Bisexual Bathrooms Rob Women Of An Important Cultural Space

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A picture of a “gender-neutral” restroom in Lewes, England, has gone viral. Why? Because it has a giant urinal along one wall.

Now, gender-inclusivity apparently means that if what was formerly the women’s room is full and a female of any age just can’t hold it (ladies with toddlers, you know), there’s a good chance they’ll walk by men peeing to get to a toilet stall.

The establishment in question, Charleston Trust, is “committed to creating safe, welcoming and inclusive spaces for all our visitors and staff.” It said it “introduced gender-inclusive toilets in one area of our site in September 2018 to help members of the queer and trans community feel safe with us, and to ensure disabled visitors who need assistance are not troubled by the gender of their carer.”

“We recognise that the way the toilets are currently designed has practical limitations, and are exploring removing the urinals to make both toilet blocks truly gender-inclusive.”

The administrators of Charleston Trust say they realize mixed-sex spaces can be uncomfortable because of sex differences. While other organizations try to address concern by posting reassuring flyers, such as this one at right that Federalist contributor Caroline D’Agati found in Seattle, Charleston Trust’s answer is to erase as much of the evidence of those differences as possible and declare publicly that it’s all in the name of safety and inclusion.

But getting rid of urinals or posting notices won’t make women much more comfortable sharing the space with men because women’s objections to the erasure of their exclusive space go beyond safety or even awkwardness.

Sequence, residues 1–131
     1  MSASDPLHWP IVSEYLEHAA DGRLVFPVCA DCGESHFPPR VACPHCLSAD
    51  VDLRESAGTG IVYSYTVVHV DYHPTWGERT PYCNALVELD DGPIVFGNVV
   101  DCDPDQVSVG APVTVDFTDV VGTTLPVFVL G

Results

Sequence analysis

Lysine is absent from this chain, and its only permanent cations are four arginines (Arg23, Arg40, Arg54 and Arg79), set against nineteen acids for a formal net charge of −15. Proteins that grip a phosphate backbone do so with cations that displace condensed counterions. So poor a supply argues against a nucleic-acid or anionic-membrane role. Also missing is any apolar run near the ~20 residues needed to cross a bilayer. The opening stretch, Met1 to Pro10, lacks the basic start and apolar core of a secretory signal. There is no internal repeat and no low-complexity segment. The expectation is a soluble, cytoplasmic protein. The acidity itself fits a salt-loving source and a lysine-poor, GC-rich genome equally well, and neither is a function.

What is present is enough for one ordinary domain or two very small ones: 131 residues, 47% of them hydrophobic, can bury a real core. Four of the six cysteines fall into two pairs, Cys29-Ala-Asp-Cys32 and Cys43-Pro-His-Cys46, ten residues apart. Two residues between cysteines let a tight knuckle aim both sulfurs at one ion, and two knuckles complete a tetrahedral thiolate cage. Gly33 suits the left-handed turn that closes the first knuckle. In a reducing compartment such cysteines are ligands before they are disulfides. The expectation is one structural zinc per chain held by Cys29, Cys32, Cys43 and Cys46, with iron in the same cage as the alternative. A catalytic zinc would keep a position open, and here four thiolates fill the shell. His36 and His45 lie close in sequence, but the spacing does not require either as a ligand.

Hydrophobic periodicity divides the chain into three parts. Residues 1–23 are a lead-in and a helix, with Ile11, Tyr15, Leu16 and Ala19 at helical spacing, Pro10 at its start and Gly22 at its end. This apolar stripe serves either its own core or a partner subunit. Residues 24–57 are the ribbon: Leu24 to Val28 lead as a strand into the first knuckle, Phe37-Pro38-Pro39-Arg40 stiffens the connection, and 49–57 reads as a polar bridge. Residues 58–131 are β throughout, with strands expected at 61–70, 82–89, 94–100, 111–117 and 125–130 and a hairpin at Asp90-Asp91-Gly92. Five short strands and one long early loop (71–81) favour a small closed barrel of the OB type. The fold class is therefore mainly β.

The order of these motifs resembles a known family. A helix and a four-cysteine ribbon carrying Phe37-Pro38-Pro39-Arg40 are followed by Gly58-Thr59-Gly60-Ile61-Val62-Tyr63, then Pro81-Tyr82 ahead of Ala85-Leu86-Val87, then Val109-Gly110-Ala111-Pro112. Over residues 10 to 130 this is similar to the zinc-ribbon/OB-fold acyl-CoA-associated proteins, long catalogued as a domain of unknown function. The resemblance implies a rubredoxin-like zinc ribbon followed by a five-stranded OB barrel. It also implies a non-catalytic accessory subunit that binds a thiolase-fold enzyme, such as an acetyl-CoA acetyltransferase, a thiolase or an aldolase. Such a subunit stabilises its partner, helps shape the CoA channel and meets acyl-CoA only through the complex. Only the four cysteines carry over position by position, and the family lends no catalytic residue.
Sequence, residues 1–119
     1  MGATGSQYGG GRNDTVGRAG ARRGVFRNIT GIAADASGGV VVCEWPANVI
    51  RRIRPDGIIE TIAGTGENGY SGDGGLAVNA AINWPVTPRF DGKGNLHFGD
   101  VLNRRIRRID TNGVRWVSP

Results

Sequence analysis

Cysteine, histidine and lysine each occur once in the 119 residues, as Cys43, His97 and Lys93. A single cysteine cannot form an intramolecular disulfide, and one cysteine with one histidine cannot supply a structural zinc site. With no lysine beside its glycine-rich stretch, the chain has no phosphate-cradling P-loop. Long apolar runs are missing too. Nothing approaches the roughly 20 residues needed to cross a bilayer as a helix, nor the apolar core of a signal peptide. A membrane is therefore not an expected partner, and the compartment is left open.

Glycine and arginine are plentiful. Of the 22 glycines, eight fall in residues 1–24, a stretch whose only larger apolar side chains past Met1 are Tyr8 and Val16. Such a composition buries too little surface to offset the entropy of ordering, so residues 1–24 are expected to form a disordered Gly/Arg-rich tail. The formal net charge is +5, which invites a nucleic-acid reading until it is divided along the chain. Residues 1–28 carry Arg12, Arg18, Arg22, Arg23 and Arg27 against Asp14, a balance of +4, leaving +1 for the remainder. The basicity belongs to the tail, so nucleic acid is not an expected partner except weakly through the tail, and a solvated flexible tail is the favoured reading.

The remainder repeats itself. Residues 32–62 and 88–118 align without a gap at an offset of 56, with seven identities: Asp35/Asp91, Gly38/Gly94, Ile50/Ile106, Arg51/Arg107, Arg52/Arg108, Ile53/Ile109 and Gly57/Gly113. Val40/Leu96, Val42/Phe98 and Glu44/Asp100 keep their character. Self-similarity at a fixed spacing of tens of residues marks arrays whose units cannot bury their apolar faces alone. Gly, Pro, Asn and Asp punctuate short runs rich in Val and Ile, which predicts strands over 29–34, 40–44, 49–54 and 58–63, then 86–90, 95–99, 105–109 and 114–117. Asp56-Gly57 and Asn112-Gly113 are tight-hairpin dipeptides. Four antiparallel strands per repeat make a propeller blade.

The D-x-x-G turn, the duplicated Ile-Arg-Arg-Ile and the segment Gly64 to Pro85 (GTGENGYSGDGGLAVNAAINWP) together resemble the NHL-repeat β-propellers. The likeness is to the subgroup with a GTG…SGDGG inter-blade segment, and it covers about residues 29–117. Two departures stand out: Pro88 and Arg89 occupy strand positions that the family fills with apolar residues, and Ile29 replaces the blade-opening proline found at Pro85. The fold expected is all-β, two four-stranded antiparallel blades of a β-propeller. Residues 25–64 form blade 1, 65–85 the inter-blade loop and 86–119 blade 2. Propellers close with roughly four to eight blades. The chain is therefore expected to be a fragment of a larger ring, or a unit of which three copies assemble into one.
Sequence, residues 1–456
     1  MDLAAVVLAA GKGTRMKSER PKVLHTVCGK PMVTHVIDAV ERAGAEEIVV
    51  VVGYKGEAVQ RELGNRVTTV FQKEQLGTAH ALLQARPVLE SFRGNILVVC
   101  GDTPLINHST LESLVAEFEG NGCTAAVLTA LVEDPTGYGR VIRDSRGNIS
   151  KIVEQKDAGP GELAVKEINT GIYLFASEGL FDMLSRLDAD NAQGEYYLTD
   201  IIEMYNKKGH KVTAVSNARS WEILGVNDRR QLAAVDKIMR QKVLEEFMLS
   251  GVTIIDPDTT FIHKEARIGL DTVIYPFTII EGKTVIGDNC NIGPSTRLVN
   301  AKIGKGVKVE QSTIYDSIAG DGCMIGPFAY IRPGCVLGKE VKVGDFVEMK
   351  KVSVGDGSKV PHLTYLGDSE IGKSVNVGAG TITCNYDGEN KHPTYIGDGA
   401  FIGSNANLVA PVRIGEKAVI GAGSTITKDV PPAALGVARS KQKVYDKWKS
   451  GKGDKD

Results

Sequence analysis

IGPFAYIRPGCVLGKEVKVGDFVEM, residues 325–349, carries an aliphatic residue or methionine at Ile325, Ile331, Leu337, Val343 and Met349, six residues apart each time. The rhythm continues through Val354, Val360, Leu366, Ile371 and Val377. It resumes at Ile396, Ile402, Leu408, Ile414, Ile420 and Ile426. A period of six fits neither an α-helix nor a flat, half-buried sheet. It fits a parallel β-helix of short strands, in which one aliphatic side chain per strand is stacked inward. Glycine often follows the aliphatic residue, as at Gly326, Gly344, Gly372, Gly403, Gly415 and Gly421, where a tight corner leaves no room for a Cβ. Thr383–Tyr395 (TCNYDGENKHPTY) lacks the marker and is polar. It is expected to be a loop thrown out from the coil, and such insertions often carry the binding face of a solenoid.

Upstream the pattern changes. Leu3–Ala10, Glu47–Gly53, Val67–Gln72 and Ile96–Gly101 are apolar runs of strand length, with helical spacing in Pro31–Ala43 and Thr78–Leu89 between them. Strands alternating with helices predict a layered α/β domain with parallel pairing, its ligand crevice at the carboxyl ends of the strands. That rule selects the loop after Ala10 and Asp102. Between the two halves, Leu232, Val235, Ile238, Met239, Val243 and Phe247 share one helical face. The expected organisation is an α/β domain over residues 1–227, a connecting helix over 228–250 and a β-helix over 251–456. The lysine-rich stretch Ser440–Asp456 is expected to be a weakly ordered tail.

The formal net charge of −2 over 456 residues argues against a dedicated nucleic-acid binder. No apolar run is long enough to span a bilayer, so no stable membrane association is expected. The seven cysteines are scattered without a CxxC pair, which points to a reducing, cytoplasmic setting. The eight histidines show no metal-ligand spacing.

Even progressive feminists used to be concerned about women’s bathroom experiences and achieving “potty parity.” In 2001, the Los Angeles Times ran a piece on the subject, lamenting the long lines due to insufficient and poorly designed stalls. “The laws governing women’s bathrooms seem to change only when men are inconvenienced,” the staff writer observed. Although the language has shifted, the Western world of 2019 proves she was right.

The Transgender Agenda Is Undoing Women’s Progress

Bathrooms are changing primarily because biological males attempting to live as women desire access to the bathroom aligned with their gender identity. Females who identify as men also want access to mixed facilities, but their numbers are fewer. Either way, it’s safe to say the only things women are changing are diapers on that single changing table in the restroom.

That’s a shame, because the struggle to make public life more accommodating to women has been long and hard. Nineteenth-century women had to limit their excursions outside the home to how long they could hold it because there were no “women’s rooms.” An article in Time Magazine outlining the history of sex-segregated bathrooms notes, counterintuitively, that men’s and women’s facilities didn’t arise simply from “basic biological differences.”

“Even as women entered the workplace, often in the new factories that were being built at the time, there was a reluctance to integrate them fully into public life,” it reads. But it became a necessity. Those spaces — from reading rooms to train cars to privies — were designed to “mimic the comforts of home — think curtains and chaise lounges.”

One may find it sexist that women’s reading rooms and train cars (at the back, to protect them and the children) were a thing, but the development of the designated women’s bathroom was critical to allowing women the freedom to work and move about freely, as long as they wanted, outside the home. Now the transgender agenda has many women begging for those hard-won, women-only spaces to be eliminated.

Women’s Bathrooms Serve Many Purposes

Since the late 19th century, those female restrooms became, and perhaps were meant to be, much more than a utilitarian set of closets. The restroom is unquestionably a social and emotional space.